The purveyors of the music are for the most part not DJ’s in the true sense of the word, firstly they are collectors of what is without doubt the last bastion of our music, they come to Soul Essence clutching enough tunes for an hour and stand in front of a room full to the rafters of fellow collectors, and being within touching distance of your audience it is truly a nerve wracking experience, and just out of sight is the conservatory which is also rammed, the music is without doubt the finest of its kind, and this is repeated year after year. The roll call of those players is vast and I’m not going to try and list the names for fear of missing someone out, you know who you are people. I strive for a level of fairness without compromise and over the years hopefully everyone will have been given a chance, the jocks are chosen from those who frequent the ‘Lounge’ and have experienced the very unique atmosphere.
On the 6th April 20076 we lost the rooms greatest supporter, the grumpy moaning old fucker we came to love and respect Jim Wray and so the room was officially renamed as the ‘Jim Wray Lounge’. His sons came to the weekender and witnessed the room in which there father spoke about so much, deeply touching and another treasured moment in the history of this hallowed room.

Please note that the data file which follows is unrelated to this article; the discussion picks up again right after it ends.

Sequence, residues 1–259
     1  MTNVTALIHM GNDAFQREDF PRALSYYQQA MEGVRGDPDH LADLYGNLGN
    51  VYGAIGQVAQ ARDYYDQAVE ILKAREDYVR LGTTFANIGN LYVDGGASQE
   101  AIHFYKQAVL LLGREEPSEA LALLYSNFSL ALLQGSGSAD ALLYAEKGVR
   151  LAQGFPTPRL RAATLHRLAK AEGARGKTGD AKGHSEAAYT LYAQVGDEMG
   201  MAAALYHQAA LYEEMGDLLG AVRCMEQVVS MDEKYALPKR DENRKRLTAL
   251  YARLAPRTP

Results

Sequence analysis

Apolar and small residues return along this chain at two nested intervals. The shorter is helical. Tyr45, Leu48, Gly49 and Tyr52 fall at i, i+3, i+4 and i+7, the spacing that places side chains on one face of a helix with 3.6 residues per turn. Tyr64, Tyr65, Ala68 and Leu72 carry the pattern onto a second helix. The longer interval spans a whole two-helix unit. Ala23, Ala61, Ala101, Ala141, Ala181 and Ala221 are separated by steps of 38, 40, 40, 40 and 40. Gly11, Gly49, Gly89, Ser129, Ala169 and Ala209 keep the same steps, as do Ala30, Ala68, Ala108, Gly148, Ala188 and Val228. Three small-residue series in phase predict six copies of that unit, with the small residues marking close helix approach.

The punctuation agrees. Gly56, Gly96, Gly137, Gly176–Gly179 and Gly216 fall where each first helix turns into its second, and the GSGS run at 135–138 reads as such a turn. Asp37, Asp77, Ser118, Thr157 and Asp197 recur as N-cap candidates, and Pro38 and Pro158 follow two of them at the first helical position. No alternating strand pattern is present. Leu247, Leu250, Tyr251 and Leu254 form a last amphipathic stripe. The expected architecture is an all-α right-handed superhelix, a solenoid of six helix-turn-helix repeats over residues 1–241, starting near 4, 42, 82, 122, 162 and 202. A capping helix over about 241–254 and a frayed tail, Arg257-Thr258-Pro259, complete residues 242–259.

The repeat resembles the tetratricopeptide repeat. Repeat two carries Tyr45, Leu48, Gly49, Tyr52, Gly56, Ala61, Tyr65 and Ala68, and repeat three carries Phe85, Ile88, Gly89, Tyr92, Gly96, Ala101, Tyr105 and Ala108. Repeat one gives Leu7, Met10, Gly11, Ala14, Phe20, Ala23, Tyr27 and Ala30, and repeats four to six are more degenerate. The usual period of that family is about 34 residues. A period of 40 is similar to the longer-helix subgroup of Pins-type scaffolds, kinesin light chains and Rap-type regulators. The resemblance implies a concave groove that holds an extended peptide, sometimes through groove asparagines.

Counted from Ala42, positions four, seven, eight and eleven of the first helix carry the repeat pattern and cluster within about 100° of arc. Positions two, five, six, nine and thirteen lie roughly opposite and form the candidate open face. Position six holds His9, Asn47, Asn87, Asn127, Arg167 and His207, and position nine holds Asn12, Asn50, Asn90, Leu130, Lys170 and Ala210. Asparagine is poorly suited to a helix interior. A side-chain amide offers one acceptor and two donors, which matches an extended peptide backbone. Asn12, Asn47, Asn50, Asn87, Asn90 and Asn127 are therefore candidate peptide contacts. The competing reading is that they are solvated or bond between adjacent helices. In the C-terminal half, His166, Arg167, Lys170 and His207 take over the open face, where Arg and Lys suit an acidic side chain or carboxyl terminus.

I mentioned earlier about the historical significance of this room and its influence; in more recent times we have had the Cotton Club open its doors in Bilbao for four hours of this music and a myriad of rooms have come and gone playing down tempo music some have gone on to create there own piece of history, but I’m sure most of the promoters will acknowledge the debt they owe that small room at the back the Raynescourt Hotel in sunny Yarmouth.
Providing a list of tunes played would be impossible, neither could I supply a top ten as the quantity played is so vast but the ‘Lounge’ has had another huge success in the shape of the Cobra Heart Band “Thinking of you” (Cobra Heart 45)
The story began for me way back in the day, late 1990 early 1991ish I think when I had a list of soul 45’s arrive from one of my then regular suppliers, Ian Faulkner from Shropshire, and I see a tune I’d not heard of before, The Cobra Heart Band “Thinking of you” on Cobra Heart Records. Ian described it as a nice ballad, so I was in there. I still remember the day it arrived and its first play, such was its initial impact, about 9 months on I announced its arrival to the soul world by including it in a personal top ten and having it published in the ‘Voices From The Shadows’ magazine issue 19 which surfaced in the Autumn of 1991. Subsequent plays in the ‘Lounge’ created such a buzz, one collector told me he had a file on the record such was intent in finding a copy, because of the demand that had built over the years I found the owner of the label, the producer of the 45 and eventually it was officially reissued and the rest is history.
The word legendary is now nearly always used when the ‘Jim Wray Lounge’ is discussed and in 2014 I think that one word sums it all up nicely.
A selection of photographs from previous Jim Wray Lounge sessions in the Raynscourt Hotel